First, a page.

HARARE - Zimbabwe is teetering on the brink of total collapse as the economy continues to nosedive precipitously and President Robert Mugabe’s increasingly clueless government fails to align the country’s laws with the Constitution — leading it to resort to abductions and thuggish power retention methods, opposition leader Morgan Tsvangirai has said.
In a strongly-worded letter to South African President Jacob Zuma, who is also chairman of Sadc’s organ on politics, defence and security, Tsvangirai highlighted the wilting democratic space in Zimbabwe, warning that unless the regional body intervened, the country would soon be consumed by chaos and anarchy.
“Your Excellency, the situation in Zimbabwe is getting out of hand and civil strife is imminent. Zimbabweans are once again being subjected to suppression by the government. We call upon the region and the continent not to sit idly by and watch Zimbabwe slide back into chaos,” Tsvangirai warned.
Disaster looming, says Tsvangirai
The letter which was copied to all the other Sadc heads of state, African Commission chairperson Nkosazana Dhlamini-Zuma, United Nations secretary general, Ban Ki Moon and the European Union head of delegation in Zimbabwe Phillipe Van Damme, said the resistance by Mugabe to democratic reforms pointed to worse things to come.
“The Zimbabwean economy continues to decline due to the ruinous policies adopted by the government. Massive corruption involving State officials remains an albatross around Zimbabwe’s neck,” reads part of the letter written to Zuma, and a copy of which is in the possession of the Daily News.
“It is my hope that timely intervention by your excellences will avert the potential disaster brewing in Zimbabwe,” he said.
Tsvangirai wrote his letter as Mugabe continues to globe-trot at huge expense to the fiscus, and at a time that unrest and a morbid spirit of lawlessness has gripped frustrated Zimbabweans.
Recent riots at Harare’s Chikurubi Maximum Security Prison and at the University of Zimbabwe are among some of the growing signs of citizens being fed up with the state of affairs in the country.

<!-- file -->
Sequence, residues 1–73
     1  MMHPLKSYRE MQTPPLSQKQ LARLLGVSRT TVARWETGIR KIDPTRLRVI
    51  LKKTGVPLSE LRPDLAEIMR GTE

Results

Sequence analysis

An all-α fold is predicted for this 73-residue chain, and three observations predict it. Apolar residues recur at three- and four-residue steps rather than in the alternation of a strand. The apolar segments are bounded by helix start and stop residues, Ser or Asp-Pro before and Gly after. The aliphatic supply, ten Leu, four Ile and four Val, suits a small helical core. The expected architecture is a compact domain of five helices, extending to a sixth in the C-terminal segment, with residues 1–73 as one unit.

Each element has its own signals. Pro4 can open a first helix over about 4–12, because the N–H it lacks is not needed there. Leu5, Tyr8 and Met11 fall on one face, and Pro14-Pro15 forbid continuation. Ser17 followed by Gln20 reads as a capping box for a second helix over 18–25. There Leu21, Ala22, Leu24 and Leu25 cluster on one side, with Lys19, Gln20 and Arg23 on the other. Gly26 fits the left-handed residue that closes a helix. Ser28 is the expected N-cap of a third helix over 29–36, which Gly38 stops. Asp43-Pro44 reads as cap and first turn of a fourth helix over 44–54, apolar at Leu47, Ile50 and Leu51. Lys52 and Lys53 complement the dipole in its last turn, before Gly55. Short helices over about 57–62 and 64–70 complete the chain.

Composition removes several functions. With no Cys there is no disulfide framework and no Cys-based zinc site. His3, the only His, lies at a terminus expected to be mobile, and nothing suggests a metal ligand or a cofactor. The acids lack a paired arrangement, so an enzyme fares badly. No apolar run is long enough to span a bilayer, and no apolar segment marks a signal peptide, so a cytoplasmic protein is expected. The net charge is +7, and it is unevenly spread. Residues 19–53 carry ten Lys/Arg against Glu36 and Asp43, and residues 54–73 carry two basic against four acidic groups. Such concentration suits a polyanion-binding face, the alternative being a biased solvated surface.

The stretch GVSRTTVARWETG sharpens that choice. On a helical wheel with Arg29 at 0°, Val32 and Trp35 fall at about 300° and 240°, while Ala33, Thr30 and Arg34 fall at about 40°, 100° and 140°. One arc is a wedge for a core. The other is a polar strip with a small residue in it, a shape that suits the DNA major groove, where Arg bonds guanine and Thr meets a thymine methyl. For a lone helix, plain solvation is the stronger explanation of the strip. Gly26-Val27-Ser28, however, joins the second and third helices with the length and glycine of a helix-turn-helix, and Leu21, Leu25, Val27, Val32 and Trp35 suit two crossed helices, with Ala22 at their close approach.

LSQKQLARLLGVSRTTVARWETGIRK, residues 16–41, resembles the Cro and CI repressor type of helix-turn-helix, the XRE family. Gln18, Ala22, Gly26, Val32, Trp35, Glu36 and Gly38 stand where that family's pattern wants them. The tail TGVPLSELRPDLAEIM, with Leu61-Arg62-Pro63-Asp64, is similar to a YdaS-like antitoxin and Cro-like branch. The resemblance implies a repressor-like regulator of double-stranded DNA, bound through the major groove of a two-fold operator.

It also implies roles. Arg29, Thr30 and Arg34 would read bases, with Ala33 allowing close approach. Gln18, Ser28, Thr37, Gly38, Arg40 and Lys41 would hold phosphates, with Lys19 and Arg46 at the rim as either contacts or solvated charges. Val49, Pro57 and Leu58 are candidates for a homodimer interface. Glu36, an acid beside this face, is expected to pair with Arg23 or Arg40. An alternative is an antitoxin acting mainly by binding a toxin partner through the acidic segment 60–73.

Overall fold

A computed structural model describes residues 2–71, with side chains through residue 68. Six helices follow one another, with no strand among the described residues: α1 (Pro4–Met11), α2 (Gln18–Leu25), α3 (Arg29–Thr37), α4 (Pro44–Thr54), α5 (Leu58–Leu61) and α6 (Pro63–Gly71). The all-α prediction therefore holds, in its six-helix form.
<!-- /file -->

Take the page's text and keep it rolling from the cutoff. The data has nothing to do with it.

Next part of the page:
Although the government has dismissed the warning from analysts and opposition parties that the country is like a tinderbox ready to explode, the State is increasingly resorting to heavy-handed methods to maintain order, using riot police even where this has not appeared necessary.
Apart from having to find urgent solutions to deal with the restive population, Zanu PF is also struggling to deal with an internal revolt by senior party officials that has seen the brutal removal of former Vice President Joice Mujuru and all her perceived allies from office.
“The ruling Zanu PF has abandoned the duty to redress the economic situation of Zimbabwe because of its pre-occupation with the internal political strife in the (ruling) party,” Tsvangirai added in his letter.
He further contended that Zimbabwe’s calamitous economic collapse did not bode well for peace and security in the country — where more than 90 percent of the people are now unemployed and many more are faced with hunger due to gross corruption and misrule by Zanu PF.
Despite making myriad promises during the disputed 2013 elections, the ruling party has failed to provide the two million jobs it said it would create in its economic blueprint ZimAsset, and the country’s public health sector is now in intensive care — with Mugabe and his wife preferring to be treated overseas rather than locally.
And according to Finance minister Patrick Chinamasa, at least 4 160 companies have closed since 2011, sending more than 55 400 employees into instant destitution.
Economists also say that average incomes in Zimbabwe are now at their lowest levels in 60 years, with a recent survey commissioned by FinMark and ZimStats last month revealing that more than 76 percent of the country’s adult population has to make do with less than $200 a month.
Pointing out the deficiencies in governance in Zimbabwe, Tsvangirai said Mugabe was failing dismally to implement the new Constitution which had been overwhelmingly endorsed by the majority of Zimbabweans in 2013.
“The Zimbabwe Constitution provides for a very comprehensive Bill of Rights. Nothing has been done to enable the people of Zimbabwe to enjoy these rights,” he said.
Tsvangirai said failure to implement the Constitution meant that Zimbabweans were living under the “yoke of oppressive legislation that is now unconstitutional”.
He said Mugabe’s recent chilling warning to judges who will preside over the court case involving former Cabinet ministers Rugare Gumbo and Didymus Mutasa was yet another indicator of the “absence of the respect for the rule of law in the country”.
“President Mugabe must openly and unconditionally withdraw his threats to the judiciary. There is nothing, Your Excellency, that suggests that these threats are idle,” Tsvangirai wrote to Zuma and the other Sadc leaders.
Tsvangirai also warned that following the recent disappearance of pro-democracy activist Itai Dzamara, the 2008 days of “murder and forced disappearances of those opposed to Zanu PF” were back.
Dzamara has been missing for a full three weeks now after he was abducted near his home by suspected State security agents.